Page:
In the study, children and adults were shown pairs of computer-generated faces and asked to identify which of the pair was nicer, stronger, or smarter.

Click on the faces below to see how your preferences compare to those of the study participants.

18 comments
Jose Antonio V.
Jose Antonio V.

I think there is a database in each person's brain, which records the muscles and nerves that are activated with every feeling or learning. And that is why from 3 years of age you can infer what a face expresses.

L Bongers
L Bongers

The left one looks smarter because he looks into the camera, the other one is looking into the air as if he is thinking and unsecure.


The left one , to me is stronger mainly because of his neck that looks as if there are more muscles therefore i asume his body is also stronger.

Zoë Davis
Zoë Davis

I don't judge by face, so I couldn't choose

Sheri S.
Sheri S.

The first one looks smarter because the image is MEETING YOUR EYES; it has nothing to do with symmetry.  

The last one looks stronger because of the aggressive eyebrow slant, not because of a larger chin or nose.


I am not impressed with the "science" here.

Daniel Watson
Daniel Watson

"Of course, the problem with this kind of snap judgment is that you can't judge character by the face. Yet we all do."


Why cant we? I mean in general. You can generally tell a nice, or a dodgy person can't you? 

Charlie Debenham
Charlie Debenham

I found the first to be the most interesting...is it possibly because the man on the left is more Asian-looking rather than it being related to symmetry?

Andris Secis
Andris Secis

try refresh this page and click to different faces, the same....

Chryssanthi Ventouratos
Chryssanthi Ventouratos

The problem with these studies is that they ask participants to be biased and then they judge their bias. What I am trying to say is that if asked the question, "Here are two faces, pick which one is smart and which isn't", even participants that do not engage in that type of thinking feel that they just have to do it. However that does not mean that that is how they make decisions in their everyday life.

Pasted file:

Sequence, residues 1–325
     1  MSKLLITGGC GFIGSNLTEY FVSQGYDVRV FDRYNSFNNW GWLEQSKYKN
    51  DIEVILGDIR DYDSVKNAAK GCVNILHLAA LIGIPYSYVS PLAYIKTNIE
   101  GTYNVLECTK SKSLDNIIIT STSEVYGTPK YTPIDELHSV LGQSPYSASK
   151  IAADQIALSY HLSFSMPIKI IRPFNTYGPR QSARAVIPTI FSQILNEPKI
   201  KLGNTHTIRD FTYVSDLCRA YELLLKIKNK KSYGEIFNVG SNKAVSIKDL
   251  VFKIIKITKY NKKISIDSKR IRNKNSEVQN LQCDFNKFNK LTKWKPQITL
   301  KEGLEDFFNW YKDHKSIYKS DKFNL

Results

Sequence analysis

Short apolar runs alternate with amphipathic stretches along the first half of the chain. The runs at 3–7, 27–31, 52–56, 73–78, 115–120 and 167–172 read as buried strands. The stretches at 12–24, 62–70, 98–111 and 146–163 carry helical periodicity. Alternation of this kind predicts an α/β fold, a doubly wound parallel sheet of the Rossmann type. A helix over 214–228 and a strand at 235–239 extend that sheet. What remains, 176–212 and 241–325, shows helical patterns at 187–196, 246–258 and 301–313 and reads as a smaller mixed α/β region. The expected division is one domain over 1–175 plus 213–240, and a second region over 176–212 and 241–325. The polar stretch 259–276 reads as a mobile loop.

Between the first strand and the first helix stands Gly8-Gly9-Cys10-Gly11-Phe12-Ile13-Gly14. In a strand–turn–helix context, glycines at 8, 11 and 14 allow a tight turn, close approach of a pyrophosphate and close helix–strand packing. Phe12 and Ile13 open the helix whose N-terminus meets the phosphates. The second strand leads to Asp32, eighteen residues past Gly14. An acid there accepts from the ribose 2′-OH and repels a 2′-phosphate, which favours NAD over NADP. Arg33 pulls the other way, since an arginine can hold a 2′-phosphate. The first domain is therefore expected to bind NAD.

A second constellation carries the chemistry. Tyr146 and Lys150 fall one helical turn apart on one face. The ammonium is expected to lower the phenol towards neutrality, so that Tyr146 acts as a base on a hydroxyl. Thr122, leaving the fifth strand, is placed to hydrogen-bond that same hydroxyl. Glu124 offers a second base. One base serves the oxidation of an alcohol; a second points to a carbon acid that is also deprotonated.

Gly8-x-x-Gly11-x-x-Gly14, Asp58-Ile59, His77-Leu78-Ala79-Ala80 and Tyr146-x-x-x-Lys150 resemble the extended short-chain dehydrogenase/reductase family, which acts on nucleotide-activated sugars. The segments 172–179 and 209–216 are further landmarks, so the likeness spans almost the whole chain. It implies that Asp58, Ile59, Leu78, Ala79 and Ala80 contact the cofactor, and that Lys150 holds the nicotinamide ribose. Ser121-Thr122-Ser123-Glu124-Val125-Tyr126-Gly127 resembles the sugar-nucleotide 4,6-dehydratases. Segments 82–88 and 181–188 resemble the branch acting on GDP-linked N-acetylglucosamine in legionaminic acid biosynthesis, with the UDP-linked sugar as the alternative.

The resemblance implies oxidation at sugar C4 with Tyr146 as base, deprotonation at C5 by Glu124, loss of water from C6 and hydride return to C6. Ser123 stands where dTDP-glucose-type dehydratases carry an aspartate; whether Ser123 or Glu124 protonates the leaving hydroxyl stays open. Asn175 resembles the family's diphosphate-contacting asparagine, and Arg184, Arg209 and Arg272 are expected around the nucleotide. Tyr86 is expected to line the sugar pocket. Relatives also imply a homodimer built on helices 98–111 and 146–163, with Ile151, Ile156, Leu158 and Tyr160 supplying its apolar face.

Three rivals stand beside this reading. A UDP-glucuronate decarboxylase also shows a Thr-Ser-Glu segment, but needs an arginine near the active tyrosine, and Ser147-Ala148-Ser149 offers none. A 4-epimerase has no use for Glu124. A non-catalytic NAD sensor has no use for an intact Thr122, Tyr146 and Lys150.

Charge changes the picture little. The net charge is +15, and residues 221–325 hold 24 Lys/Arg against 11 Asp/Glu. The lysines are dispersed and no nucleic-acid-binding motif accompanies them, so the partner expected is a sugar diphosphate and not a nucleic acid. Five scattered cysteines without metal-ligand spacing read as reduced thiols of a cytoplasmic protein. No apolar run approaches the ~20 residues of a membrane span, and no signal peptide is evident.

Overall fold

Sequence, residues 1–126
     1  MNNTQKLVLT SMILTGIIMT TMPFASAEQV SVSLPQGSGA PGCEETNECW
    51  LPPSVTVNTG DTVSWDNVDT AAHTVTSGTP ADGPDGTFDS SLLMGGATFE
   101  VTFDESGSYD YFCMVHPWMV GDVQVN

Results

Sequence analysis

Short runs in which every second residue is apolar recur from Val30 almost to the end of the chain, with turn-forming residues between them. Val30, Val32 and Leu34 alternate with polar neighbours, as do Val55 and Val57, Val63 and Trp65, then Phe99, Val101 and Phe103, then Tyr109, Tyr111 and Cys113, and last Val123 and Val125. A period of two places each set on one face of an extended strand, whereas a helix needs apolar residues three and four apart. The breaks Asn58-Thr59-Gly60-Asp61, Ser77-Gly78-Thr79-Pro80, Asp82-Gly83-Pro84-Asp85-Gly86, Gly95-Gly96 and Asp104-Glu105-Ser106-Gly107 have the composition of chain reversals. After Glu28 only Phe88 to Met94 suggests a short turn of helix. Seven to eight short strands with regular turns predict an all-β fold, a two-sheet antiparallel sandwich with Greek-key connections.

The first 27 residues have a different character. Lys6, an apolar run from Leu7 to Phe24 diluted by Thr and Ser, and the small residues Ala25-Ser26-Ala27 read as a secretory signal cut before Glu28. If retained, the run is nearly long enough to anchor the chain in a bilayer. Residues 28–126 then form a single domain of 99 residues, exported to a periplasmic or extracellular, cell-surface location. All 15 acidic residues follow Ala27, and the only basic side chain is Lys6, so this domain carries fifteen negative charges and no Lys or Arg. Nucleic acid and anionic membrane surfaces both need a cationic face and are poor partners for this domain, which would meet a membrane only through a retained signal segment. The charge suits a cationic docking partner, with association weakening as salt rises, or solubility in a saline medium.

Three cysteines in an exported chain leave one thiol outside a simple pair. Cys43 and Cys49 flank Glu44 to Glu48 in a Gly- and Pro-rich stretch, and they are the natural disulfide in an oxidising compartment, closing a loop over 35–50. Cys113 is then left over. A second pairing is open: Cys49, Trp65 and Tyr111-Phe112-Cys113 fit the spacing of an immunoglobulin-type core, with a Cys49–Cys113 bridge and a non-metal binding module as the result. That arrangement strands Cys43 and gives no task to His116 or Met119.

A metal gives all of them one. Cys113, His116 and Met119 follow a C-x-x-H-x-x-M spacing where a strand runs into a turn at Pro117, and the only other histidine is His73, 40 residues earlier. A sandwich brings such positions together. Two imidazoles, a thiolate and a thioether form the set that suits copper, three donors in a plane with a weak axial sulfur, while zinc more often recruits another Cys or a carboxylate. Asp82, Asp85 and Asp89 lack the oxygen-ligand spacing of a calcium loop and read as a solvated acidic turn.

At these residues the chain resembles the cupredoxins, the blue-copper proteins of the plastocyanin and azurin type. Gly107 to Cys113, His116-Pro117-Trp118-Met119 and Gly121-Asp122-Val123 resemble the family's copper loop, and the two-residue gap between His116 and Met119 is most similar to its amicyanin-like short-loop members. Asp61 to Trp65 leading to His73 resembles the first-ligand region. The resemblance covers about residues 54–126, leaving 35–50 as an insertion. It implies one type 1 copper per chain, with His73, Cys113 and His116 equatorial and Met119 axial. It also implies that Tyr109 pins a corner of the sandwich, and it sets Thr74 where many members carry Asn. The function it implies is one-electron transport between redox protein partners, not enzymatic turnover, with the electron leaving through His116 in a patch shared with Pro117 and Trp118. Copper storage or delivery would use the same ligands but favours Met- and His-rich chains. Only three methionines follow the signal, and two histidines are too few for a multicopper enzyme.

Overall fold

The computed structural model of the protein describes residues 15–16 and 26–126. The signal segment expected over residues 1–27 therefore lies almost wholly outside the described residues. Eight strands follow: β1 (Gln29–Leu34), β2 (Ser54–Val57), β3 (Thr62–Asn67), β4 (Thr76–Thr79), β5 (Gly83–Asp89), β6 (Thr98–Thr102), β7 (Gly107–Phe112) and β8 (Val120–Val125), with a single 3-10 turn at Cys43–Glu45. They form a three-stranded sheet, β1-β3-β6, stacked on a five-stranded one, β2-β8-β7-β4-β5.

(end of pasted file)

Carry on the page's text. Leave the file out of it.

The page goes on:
Kids too. They try to please and to prove themselves.When asked a question in this context they will try to find references from the way they see smart people portrayed in cartoons or other TV programs or media and try to give the "correct" answer. 

Very few people and even fewer kids would say "I don't know" because there doesn't seem to be an option and most would feel "stupid" to do so.

Another bias perhaps?

Fiona Nicholls
Fiona Nicholls

Very interesting- I had no idea that we made these calls at such a young age. It's strange that 'dominant' is among the choices- I don't often consciously see someone and think of how dominant they are. Perhaps it's just something we do on a very base level?

fifijane.blogspot.co.uk

Kate Barsotti
Kate Barsotti

This is more about expression than features.

Jim Henry
Jim Henry

Yes, someone smiling is interpreted to be more happy/trustworthy than the guy staring with a stern face.  This is a sign that people can accurately interpret emotions based on faces and doesn't seem to prove that facial features have any impact.  Maybe this synopsis didn't explain this portion properly, but just my observation based on the test I took.  I'm sure dogs would be do pretty well at this test as well.

KENNETH LANE
KENNETH LANE

Then we are somewhat shallow in our decisions of others?

hi ho
hi ho

very interesting indeed

Charlie Debenham
Charlie Debenham

@Andris Secis  No it just says the same statement regardless of what you click, in all three the person on the left was the most commonly chosen.

David Wa
David Wa

@Chryssanthi Ventouratos  Surely that benefits the study, in that it assumes the importance of a snap decision being the most likely outcome when demanded. Therefore the analysis across age groups is likely to be more valid.